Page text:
Available languages: EnglishFrancisco Coll is one of Spain's most prominent composers of his generation, having had his music performed widely in his home country, in Britain (where he was partly trained), in the U.S., and beyond; he is also active as a trombonist. His publisher, Faber, describes his music this way (on its website, May 6, 2021): "Surreal juxtapositions, febrile energy, and echoes of flamenco all abound in works of vivid, often unsettling, poetry." Coll, in full Francisco Coll García, was born in 1985 in Valencia, Spain. He studied there at the Joaquín Rodrigo Conservatoire and went on to the Madrid Royal Conservatory, where he graduated with an honors prize. With the help of an Instituto Valenciano de la Música scholarship, Coll moved to London to study at the Guildhall School of Music and Drama with Richard Baker, also studying trombone with John Kenny, and graduating in 2010; during this period, he also took private lessons with composer Thomas Adès, and he remains to date the only private pupil Adès has taken on. Adès has been a strong backer of the career of Coll, who won several important prizes, including a place in the LSO Discovery Panufnik Young Composers Scheme (2008), the Mary Ryan Composition Award (2009), and the Ian Horsburgh Memorial Prize (2010). Well before completing his education, Coll was already receiving major commissions. His ... Whose Name I Don't Want to Remember (2005) was performed at New York's Avery Fisher Hall by the Canadian Brass and members of the New York Philharmonic brass section. He conducted his own Óxido (2010), for soprano and ensemble, at London's Wigmore Hall. Beginning in 2018, Coll served terms as composer-in-residence with both the Orquesta de València and Camerata Bern; with the latter group, he conducted the premiere of his Les plaisirs illuminés, with violinist Patricia Kopatchinskaja and cellist Sol Gabetta as soloists. His works are published by the Faber house, and he designates them in the traditional way, with opus numbers. Several of Coll's works have been recorded. In 2021, his Turia concerto for guitar and ensemble was played by guitarist Jacob Kellermann together with Rodrigo's Concerto de Aranjuez on a BIS recording, and his Les plaisirs illuminés: Double Concerto for violin, cello, and chamber orchestra was heard on a 2021 Alpha release also featuring music by Alberto Ginastera, Sándor Veress, Béla Bartók, and others.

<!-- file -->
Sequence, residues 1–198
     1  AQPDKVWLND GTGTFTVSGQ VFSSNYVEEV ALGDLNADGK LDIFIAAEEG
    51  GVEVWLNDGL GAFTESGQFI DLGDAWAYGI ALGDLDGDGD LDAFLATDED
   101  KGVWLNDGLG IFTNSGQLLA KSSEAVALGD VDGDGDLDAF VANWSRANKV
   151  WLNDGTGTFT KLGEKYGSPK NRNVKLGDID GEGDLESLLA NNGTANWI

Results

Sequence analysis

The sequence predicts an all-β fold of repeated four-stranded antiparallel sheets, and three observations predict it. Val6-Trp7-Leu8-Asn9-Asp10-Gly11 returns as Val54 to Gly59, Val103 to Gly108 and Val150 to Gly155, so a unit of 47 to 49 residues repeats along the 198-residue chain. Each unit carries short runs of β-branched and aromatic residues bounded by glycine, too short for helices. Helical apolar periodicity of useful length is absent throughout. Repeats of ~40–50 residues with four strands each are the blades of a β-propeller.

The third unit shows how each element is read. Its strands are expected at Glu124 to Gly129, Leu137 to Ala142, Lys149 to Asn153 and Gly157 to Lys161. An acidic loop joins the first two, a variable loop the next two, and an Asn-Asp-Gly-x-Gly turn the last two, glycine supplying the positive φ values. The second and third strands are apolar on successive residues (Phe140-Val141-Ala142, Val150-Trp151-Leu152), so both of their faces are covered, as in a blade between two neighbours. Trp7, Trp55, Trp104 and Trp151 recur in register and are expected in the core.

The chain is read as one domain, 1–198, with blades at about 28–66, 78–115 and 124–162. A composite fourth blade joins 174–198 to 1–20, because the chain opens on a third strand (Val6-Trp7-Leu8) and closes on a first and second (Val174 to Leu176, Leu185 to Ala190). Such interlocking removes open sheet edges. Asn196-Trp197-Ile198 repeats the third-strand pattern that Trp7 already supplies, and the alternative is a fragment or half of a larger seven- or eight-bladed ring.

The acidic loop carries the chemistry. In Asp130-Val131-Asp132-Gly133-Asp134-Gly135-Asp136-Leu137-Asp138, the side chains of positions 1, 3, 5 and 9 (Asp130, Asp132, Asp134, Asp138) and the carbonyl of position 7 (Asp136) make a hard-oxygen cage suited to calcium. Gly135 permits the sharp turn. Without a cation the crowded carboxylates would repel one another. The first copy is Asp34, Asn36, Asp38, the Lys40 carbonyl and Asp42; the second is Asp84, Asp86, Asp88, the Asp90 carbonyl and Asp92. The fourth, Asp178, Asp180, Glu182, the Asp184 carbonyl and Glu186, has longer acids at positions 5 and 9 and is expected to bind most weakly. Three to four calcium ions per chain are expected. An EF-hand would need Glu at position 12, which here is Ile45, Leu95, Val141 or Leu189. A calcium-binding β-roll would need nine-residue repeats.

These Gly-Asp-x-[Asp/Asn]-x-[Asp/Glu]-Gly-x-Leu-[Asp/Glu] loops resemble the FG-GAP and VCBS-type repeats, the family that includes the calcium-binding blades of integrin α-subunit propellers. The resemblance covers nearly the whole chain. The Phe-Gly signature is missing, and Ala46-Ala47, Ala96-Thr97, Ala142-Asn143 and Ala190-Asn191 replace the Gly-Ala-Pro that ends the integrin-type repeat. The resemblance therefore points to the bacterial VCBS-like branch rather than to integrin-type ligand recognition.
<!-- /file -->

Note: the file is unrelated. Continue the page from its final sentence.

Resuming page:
© James Manheim /TiVo
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Klassiek - Verschenen op 21 mei 2021 | PentaTone
The Orchestre Philharmonique de Luxembourg and Gustavo Gimeno continue their acclaimed Pentatone series of composer portraits with a monograph of a living composer, Francisco Coll. In Coll’s music, the past and present converge in a single space, by realising a contemporary sound world while creatively employing traditional forms and influences, be it a classical genre (Violin Concerto and the “grotesque symphony” Mural) or his musical roots (Four Iberian Miniatures). With pieces composed between 2005 and 2019, the album traces Coll’s spectacular musical development, from his studies under Thomas Adès in London to his present bloom. The lush, sensuous nature of his orchestral writing fully comes to life in these performances. Besides the strong relationship between Coll and conductor Gimeno, this new release also showcases the exceptional violinist Patricia Kopatchinskaja, for whom he has written several works, including his Violin Concerto, first recorded here. © Pentatone